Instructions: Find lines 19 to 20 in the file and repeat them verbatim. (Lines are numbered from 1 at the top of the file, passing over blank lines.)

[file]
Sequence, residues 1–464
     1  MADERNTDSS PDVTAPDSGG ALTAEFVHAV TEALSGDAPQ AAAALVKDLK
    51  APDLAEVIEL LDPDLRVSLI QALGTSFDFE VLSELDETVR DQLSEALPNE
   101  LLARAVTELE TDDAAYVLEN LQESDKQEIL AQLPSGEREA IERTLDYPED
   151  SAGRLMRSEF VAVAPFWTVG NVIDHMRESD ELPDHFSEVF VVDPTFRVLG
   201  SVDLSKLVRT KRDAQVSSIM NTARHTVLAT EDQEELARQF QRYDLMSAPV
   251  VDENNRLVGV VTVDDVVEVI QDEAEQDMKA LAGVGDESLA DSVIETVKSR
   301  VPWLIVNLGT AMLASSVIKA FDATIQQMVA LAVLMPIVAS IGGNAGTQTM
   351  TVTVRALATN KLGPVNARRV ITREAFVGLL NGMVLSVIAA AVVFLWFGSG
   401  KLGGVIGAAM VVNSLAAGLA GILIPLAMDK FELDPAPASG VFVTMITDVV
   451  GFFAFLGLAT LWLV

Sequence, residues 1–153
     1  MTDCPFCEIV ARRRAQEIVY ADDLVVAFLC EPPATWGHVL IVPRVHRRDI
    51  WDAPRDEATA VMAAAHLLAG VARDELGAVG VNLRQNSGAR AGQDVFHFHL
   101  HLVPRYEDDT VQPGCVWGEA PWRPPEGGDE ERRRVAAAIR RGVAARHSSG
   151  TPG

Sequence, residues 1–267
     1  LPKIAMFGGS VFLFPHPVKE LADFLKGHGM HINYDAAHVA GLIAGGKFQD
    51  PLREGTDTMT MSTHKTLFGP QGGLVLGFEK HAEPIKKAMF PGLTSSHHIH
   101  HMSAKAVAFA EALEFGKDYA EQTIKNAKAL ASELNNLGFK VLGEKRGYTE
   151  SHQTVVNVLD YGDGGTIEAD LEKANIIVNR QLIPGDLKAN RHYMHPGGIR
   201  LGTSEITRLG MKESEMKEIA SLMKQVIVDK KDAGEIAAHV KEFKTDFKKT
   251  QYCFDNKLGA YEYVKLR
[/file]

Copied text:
    51  PLREGTDTMT MSTHKTLFGP QGGLVLGFEK HAEPIKKAMF PGLTSSHHIH
   101  HMSAKAVAFA EALEFGKDYA EQTIKNAKAL ASELNNLGFK VLGEKRGYTE